Table game players; slot players; hedonic factors
Gaming and Casino Operations Management | Gaming Law
Original Research Article
This exploratory research examined relationships between casino play and hedonic factors. The hedonic factors examined were emotion, sensation seeking and impulsivity, absorbing experiences, and analytical characteristics. Differences between slot players and table game players were measured. The subjects were a convenience sampling of 1,010 casino gamblers at a Las Vegas Strip casino catering to out of town visitors. All participants completed a 45- item survey. The constructs were measured using the Mehrabian and Russell (1974) pleasure, arousal, and dominance scale; the Zuckerman Kuhlman sensation seeking and impulsivity scale; the Swanson (1978) absorbing experience scale; and an analytical scale developed by the researchers.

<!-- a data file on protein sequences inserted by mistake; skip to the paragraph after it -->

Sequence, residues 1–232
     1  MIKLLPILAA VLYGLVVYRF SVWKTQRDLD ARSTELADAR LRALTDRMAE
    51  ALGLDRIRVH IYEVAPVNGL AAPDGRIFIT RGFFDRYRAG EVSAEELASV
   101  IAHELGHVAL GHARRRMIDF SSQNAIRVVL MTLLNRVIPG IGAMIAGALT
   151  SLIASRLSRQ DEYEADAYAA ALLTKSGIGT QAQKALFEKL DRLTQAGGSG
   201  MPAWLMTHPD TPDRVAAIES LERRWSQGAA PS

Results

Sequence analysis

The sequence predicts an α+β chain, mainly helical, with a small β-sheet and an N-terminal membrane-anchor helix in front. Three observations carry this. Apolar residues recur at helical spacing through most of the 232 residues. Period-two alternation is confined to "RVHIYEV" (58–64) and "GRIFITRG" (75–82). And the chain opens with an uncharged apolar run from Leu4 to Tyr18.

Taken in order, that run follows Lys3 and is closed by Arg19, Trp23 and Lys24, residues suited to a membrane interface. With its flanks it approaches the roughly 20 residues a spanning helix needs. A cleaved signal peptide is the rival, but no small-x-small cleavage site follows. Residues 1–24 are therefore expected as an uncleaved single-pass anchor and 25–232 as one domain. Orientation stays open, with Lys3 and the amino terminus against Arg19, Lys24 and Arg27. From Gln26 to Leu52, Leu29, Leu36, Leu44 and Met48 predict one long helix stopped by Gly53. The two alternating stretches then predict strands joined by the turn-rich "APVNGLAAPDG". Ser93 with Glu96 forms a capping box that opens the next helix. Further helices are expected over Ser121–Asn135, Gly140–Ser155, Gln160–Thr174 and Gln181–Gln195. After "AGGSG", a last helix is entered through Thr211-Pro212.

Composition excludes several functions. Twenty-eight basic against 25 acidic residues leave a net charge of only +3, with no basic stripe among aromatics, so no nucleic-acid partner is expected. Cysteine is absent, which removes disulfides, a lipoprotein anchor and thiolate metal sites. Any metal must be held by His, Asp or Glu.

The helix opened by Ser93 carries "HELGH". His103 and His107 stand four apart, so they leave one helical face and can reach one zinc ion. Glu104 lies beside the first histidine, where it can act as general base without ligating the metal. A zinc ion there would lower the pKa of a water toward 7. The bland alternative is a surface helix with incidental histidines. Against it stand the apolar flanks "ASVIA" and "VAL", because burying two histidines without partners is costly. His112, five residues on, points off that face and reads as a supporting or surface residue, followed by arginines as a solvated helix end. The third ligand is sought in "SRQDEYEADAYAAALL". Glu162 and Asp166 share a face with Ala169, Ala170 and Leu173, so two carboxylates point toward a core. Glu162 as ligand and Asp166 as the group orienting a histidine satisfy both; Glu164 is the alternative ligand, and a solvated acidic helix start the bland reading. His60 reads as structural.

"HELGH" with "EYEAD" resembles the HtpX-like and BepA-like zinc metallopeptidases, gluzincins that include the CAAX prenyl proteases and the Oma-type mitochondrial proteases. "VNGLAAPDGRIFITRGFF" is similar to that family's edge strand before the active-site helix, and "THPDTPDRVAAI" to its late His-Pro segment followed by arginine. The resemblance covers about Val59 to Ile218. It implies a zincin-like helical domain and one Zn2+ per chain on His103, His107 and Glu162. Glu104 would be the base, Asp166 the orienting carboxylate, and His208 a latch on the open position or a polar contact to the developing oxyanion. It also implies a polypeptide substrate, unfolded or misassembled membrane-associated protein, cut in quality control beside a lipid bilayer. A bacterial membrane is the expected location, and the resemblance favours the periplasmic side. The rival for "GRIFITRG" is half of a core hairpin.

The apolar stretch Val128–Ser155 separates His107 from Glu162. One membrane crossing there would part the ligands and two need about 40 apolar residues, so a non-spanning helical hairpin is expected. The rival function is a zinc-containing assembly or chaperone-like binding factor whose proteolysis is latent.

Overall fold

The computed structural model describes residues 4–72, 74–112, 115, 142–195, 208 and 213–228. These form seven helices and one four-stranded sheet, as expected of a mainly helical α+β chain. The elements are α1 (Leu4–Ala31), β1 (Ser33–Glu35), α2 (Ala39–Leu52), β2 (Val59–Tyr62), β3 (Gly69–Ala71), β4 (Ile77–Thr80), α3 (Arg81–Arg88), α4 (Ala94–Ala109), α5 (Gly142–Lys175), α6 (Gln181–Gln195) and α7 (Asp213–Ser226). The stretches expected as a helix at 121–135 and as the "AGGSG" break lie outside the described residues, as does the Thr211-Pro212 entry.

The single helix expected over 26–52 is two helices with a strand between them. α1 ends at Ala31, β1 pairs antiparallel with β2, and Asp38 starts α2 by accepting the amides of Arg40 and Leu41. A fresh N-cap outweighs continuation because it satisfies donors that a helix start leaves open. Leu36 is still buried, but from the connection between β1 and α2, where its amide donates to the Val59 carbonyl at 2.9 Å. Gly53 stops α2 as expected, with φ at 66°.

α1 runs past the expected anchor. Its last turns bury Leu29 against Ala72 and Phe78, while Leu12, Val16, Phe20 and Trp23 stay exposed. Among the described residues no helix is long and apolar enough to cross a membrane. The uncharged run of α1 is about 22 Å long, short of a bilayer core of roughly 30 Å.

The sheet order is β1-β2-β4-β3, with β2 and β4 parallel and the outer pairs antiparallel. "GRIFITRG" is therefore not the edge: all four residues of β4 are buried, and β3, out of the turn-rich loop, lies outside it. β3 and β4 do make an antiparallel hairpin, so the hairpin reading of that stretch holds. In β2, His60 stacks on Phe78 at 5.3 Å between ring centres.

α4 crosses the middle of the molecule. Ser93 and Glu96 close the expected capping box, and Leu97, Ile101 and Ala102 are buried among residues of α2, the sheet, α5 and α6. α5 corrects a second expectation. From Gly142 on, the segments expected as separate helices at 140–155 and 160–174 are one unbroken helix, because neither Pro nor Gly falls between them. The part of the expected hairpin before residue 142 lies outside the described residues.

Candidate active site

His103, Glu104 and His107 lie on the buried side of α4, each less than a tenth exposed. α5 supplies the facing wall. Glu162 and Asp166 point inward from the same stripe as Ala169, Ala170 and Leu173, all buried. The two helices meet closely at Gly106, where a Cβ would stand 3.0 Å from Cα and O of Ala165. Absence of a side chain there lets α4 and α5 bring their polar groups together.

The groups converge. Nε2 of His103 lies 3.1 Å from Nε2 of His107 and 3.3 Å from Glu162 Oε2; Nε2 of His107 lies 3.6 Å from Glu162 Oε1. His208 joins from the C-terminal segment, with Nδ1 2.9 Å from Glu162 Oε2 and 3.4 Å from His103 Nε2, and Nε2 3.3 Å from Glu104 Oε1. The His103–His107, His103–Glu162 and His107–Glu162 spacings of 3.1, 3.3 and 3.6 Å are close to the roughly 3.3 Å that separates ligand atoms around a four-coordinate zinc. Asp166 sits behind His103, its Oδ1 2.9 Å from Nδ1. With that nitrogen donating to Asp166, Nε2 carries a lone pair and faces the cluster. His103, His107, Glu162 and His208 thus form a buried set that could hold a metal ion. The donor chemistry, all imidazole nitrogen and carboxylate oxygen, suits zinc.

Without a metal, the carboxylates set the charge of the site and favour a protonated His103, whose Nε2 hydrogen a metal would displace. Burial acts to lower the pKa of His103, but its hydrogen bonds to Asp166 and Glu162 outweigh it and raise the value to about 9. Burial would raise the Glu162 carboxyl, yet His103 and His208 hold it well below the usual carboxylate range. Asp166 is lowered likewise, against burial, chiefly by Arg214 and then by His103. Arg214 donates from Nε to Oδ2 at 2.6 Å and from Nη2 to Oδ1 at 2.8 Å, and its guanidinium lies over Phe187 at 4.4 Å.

Both table game players and slot players derive pleasure from the pursuit of gambling. Table game players are more deeply involved and tend to be more aware of the intricacies of the games than slot players. Table game players are not as impulsive and tend to be more controlled than slot players. The overwhelming majority of table game players and slot players demonstrate discipline in terms of their gambling spending.